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Knievel and Kanye jump into mediation

There's hope for peace yet between Evel Knievel and Kanye West.

The legendary daredevil and controversial hip hop star have agreed to go to mediation to settle their feud over one of Mr. West's music videos, which Mr. Knievel claims steals his trademarked image and damages his reputation, the Associated Press reported.

In Mr. West's 2006 video for "Touch the Sky," the 29-year-old rapper presents himself as "Evel Kanyevel," dons a star-studded jumpsuit and attempts to clear a canyon with a rocket-powered vehicle.

Mr. Knievel, 68, claims the vehicle in the video is "visually indistinguishable" from the one he used in his highly publicized attempt to jump the Snake River Canyon in Idaho in 1974. During the jump, one of Mr. Knievel's parachutes opened accidentally, causing too much drag for the vehicle to make it to the other side. Mr. Knievel escaped the incident with only minor injuries. In Mr. West's video, he crashes to the canyon's bottom in a fiery blaze.

Mr. Knievel charges infringement on his trademarked name and likeness. He also thinks the video's "vulgar and offensive" images tarnish his reputation, the AP reported.

Mr. West claims the video is satire and thus protected by First Amendment rights.

Perhaps the two took inspiration from another song of Mr. West's--"Work it Out."

Wellmark drops out of college donation

Wellmark Blue Cross & Blue Shield's foray into higher education seems to be a short-lived one.

The health plan, which pledged $15 million to the University of Iowa's College of Public Health, hoped to brand the college with the Wellmark name.

But after school faculty reportedly refused to rename the school after the insurer, citing a conflict of interest--Wellmark Blues reportedly administers insurance plans for all the state's public universities--the insurer rescinded its offer and withdrew the $15 million gift.

Wellmark Blues is a unit of Des Moines, Iowa-based Wellmark Inc.

Kalamazoo dodges same-sex partner benefit ban

When a court ruled that same-sex partner benefits may not be offered by public employers in Michigan because of the state's constitutional ban on gay marriage, the city of Kalamazoo had two options: either discontinue the benefits or find a way around the law.

The Kalamazoo City Commission chose option No. 2 and voted late last month to change the name of its domestic partner benefits to "other qualified adult" program. Now, city-sponsored medical and dental insurance is available to any cohabitating city employee whose significant other is financially dependent on him or her.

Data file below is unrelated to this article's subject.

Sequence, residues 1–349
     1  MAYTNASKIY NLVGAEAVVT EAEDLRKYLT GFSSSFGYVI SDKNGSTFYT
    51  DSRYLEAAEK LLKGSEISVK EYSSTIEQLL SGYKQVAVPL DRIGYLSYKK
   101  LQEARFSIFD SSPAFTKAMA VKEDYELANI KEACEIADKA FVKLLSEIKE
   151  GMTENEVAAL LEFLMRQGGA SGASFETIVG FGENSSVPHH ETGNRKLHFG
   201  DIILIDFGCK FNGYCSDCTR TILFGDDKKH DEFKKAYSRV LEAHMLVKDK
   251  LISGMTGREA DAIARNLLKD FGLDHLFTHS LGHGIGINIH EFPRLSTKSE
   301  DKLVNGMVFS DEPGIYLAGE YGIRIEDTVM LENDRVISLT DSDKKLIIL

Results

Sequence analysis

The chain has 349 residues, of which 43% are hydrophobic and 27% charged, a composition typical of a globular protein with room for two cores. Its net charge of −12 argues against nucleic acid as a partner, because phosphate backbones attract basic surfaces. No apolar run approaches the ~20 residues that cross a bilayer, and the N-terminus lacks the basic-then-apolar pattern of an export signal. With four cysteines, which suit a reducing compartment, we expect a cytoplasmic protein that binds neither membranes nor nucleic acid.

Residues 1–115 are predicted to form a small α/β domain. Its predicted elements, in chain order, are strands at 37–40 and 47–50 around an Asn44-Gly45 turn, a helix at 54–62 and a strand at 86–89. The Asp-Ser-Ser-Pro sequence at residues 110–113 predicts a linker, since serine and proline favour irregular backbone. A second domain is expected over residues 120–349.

Among other criteria, partners must have shared a residence for at least a year and intend to continue sharing the residence, and neither can be married.

The two also must have joint ownership of a bank or credit-card account, residence or vehicle.

The city has allocated $40,000 to fund the new program.

The four employees who had enrolled in coverage under the former domestic partner program are expected to enroll in the new program during a special enrollment period later this month.

Real-life litigation enters virtual world

The virtual reality world of Second Life just got a whole lot more realistic--with litigation and all.

Second Life is an online universe where real people adopt personas called avatars and engage in a variety of activities, including making money by creating and selling digital products and services.

A Lutz, Fla.-based company, Eros L.L.C., created several of what court papers call "adult-themed virtual objects" for use in Second Life. One of these--a sort of virtual bed--goes for $45 in real-life money.

But Eros CEO Kevin Alderman, who's known as Stroker Serpentine in Second Life, was not happy when a denizen of Second Life began selling unauthorized copies of the object for $15. Mr. Alderman claims that the culprit is a real-life person who exists as the avatar Volkov Catteneo in Second Life, and he wants to know who this real-life person is.

So Eros filed a copyright infringement suit in U.S. district court on July 3 against whoever is the real-life Volkov Catteneo.

He also wants Linden Labs, which owns Second Life, to provide him with information about the person who is Volkov Catteneo.

The court will have to determine where the protections of anonymity afforded virtual inhabitants of Second Life are trumped by the legal protections afforded inhabitants of the real world.

No matter how the case is resolved, the matter appears almost guaranteed to open up a whole new--and not necessarily final--frontier of litigation.

Contributing: Mark A. Hofmann, Beth Murtagh, Rupal Parekh, Joanne Wojcik